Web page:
Chimpanzees can fashion sandals out of leaves to walk across thorns

Chimpanzees can fashion sandals out of leaves to walk across thorny ground It is hard to imagine life without tools—finding food with our bare hands, eating it raw with our teeth, seeking a cave or a tree for shelter. In fact, our reliance on tools is reflected in our brains and bodies. The areas of our brains responsible for things like controlling our hands are enlarged compared with other primates.

Our hands themselves are different, with proportionately longer thumbs and other anatomic changes that allow us to touch our fingertips and hold tools with more skill.

The dawn of tool use was a crucial turning point in human history: It let our ancestors take control of their lives by finding food in places that were off-limits to their ancestors. But scientists still have hardly any clues to how that evolutionary transition took place. The most reliable record of our technological history comes from the tools themselves. The oldest known hominid tools date back 2.3 million years, to a collection of chipped rocks in Ethiopia. They don’t look like much, but with them hominids could butcher an elephant or crack open a wildebeest’s bones and suck out the marrow.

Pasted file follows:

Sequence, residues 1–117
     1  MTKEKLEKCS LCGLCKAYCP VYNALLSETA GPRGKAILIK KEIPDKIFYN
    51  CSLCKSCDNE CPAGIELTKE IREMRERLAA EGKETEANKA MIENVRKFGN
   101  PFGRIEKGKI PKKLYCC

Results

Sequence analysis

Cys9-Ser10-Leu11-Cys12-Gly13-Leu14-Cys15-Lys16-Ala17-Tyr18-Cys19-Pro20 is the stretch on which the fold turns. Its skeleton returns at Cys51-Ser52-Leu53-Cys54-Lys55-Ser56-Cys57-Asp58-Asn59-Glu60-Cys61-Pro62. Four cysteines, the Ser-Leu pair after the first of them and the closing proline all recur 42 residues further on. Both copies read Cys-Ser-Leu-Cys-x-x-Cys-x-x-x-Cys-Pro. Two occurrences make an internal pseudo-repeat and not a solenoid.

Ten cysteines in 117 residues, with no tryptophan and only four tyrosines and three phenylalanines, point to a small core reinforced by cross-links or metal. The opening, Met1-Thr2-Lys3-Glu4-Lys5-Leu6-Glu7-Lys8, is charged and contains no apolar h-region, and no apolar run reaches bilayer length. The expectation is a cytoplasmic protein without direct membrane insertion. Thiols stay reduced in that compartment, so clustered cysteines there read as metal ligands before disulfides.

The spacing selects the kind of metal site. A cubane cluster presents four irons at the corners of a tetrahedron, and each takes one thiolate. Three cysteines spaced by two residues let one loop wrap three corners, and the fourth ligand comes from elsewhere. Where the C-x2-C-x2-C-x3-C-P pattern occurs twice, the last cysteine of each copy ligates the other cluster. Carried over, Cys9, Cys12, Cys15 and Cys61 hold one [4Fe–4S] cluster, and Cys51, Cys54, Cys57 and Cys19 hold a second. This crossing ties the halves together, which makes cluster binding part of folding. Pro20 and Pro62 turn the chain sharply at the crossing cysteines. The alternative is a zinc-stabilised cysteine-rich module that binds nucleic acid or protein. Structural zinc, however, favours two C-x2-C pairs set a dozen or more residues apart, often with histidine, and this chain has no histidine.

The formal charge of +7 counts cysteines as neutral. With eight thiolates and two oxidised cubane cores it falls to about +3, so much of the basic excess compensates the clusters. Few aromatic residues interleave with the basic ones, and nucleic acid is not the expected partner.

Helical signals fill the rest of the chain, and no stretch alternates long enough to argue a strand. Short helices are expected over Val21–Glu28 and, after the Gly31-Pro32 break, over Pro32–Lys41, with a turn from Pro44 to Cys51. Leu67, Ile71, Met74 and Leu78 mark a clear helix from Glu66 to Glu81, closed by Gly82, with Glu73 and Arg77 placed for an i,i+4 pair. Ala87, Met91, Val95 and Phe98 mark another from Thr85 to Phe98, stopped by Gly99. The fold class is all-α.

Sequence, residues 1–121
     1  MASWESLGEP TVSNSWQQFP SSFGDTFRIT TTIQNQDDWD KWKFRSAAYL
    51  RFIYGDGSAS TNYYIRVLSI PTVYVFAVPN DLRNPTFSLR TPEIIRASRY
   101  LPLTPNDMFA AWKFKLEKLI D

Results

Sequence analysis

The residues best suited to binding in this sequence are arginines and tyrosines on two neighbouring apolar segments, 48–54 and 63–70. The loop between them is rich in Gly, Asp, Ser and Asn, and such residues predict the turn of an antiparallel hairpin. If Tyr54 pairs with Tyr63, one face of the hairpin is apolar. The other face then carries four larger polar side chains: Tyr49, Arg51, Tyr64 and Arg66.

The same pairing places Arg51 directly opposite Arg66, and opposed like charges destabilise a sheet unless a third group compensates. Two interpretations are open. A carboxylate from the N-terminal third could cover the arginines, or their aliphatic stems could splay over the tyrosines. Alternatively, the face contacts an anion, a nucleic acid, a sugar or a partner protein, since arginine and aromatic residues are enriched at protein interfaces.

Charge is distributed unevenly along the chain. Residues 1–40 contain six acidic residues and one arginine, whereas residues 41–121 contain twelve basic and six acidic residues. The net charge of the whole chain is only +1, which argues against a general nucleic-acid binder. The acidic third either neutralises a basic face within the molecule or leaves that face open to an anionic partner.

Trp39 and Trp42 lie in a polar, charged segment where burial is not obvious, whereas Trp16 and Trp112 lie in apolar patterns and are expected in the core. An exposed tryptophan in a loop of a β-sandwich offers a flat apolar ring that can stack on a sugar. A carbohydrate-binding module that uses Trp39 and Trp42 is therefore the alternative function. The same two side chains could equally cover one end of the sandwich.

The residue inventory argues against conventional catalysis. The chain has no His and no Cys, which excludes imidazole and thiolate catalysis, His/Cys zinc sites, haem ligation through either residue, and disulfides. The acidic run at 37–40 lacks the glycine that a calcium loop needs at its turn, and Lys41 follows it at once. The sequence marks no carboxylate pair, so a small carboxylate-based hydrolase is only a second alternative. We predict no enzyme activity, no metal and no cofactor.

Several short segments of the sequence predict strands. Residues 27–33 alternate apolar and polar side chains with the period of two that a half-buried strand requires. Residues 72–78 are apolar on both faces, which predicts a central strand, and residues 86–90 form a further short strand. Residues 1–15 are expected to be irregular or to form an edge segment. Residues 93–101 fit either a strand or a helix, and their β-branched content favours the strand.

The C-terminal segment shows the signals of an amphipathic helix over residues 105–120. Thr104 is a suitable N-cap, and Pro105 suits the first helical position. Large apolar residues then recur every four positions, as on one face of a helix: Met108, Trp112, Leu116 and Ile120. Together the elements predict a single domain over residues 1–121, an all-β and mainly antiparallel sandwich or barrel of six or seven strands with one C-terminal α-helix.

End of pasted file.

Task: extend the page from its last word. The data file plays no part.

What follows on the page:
Mentally, they’re also a big accomplishment: They require a brain capable of looking at an untouched rock and seeing a tool hiding within it. In recent years, however, some hints have emerged that human technology may have roots reaching back millions of years further into the past. For one thing, chimpanzees and other apes have proved surprisingly gifted at making tools. In order to walk across thorn-covered ground, chimpanzees can fashion sandals out of leaves. In order to eat termites, they can strip sticks to create fishing tools. Unfortunately, a leaf-sandal doesn’t leave a fossil. But some researchers believe that the hands of hominids may shed some light on the mystery of tools.

For example, Lucy and her A. afarensis fellows lived a million years before the oldest tools. Despite having curved, chimplike fingers, this hominid also had an elongated thumb that could make contact with its fingertips.

“”There’s nothing to say that these creatures couldn’t make crude stone tools,”” says Bernard Wood of George Washington University. It’s possible that hominids had already become skilled with wood and other materials 3.5 million years ago, paving the way to mental breakthroughs for making stone tools.

As intriguing as this hypothesis may be, however, many researchers think there’s not enough evidence to say anything definitive about the evolution of tool use. Tim White, a paleoanthropologist at the University of California at Berkeley, says any speculations “”would be strictly X-Files.”””

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